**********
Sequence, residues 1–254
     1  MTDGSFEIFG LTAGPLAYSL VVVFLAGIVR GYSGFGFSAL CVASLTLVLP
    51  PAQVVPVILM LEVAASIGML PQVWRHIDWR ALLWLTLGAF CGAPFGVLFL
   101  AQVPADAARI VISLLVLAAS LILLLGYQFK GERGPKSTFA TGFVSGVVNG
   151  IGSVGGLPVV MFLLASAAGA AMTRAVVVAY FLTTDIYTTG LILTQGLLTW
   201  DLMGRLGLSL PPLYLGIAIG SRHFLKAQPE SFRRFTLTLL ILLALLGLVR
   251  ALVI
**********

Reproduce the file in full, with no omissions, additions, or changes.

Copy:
Sequence, residues 1–254
     1  MTDGSFEIFG LTAGPLAYSL VVVFLAGIVR GYSGFGFSAL CVASLTLVLP
    51  PAQVVPVILM LEVAASIGML PQVWRHIDWR ALLWLTLGAF CGAPFGVLFL
   101  AQVPADAARI VISLLVLAAS LILLLGYQFK GERGPKSTFA TGFVSGVVNG
   151  IGSVGGLPVV MFLLASAAGA AMTRAVVVAY FLTTDIYTTG LILTQGLLTW
   201  DLMGRLGLSL PPLYLGIAIG SRHFLKAQPE SFRRFTLTLL ILLALLGLVR
   251  ALVI